Have you ever heard the veterinarian say “I’ll just take a blood sample” and wondered how exactly we do this in our four-legged friends? Well, blood sampling in dogs and cats is very similar to blood sampling in humans, with some differences.
The first difference is that unlike people, our patients do not sit still and allow us to stick needles into them. So a nurse is required to hold the animal still, while another nurse or vet takes a blood sample.
When blood is taken from people, a vacutainer is often used, which creates suction and allows the blood to automatically fill the tubes. However in dogs and cats, we usually find it easier to use a needle and syringe.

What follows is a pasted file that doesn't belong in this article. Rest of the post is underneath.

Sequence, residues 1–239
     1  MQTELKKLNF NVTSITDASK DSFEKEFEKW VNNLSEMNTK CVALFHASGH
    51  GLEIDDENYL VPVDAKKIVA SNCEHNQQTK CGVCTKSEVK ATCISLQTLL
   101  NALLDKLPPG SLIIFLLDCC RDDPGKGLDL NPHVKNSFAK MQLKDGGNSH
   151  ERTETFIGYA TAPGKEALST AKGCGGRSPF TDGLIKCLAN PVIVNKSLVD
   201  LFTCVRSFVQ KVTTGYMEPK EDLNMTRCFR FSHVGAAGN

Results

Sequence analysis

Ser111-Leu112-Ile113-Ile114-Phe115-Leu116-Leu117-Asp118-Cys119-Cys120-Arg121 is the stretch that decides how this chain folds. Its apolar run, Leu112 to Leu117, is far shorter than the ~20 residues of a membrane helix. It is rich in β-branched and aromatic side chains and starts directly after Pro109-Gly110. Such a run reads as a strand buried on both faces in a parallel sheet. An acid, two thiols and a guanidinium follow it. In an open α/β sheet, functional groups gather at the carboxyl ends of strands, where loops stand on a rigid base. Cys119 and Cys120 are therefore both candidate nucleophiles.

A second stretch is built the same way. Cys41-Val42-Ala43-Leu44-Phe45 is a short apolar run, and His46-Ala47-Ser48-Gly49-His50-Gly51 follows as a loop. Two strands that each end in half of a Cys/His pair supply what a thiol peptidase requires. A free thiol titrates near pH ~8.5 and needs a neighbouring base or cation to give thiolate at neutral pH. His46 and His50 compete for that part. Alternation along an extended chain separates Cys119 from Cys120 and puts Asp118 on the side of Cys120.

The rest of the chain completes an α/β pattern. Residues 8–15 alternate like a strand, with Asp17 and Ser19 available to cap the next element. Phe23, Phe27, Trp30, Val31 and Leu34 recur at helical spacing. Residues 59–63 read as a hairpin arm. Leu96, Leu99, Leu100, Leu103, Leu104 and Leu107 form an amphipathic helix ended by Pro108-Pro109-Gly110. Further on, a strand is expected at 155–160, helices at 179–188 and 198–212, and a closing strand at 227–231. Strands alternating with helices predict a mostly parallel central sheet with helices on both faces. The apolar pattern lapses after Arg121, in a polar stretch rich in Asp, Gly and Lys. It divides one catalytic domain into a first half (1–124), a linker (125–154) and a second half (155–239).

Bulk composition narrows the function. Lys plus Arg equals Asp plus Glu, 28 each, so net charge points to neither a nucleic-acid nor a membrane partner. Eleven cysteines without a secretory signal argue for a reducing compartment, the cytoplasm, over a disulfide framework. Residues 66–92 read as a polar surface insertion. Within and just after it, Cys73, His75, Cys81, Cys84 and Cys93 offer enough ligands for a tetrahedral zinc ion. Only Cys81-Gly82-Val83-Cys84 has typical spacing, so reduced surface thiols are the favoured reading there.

In our furry friends, we prefer to use the jugular vein, which is the large vein on either side of the neck. We can also use the cephalic vein in the front legs or the saphenous veins in the back legs, but it is more difficult to get blood from these smaller veins. In rabbits, we commonly also use veins in the ears!
In order for us to see the location of the veins clearly, it is often necessary for us to shave an area of fur over the vein, so you may notice that your pet is missing a small patch of fur after he/she has had a blood sample taken. This fur usually grows back over a few weeks. We also usually do not apply a plaster to the area as we control any bleeding with some light pressure for a few seconds.
Pet blood tests are important as they can give us valuable information regarding the functioning of major organs, such as the liver and kidneys. They also allow us to look at the blood cells for signs of infection, anemia and other cell abnormalities. Blood tests can be used to check for some infectious diseases, such as heartworm, feline aids and parvovirus.
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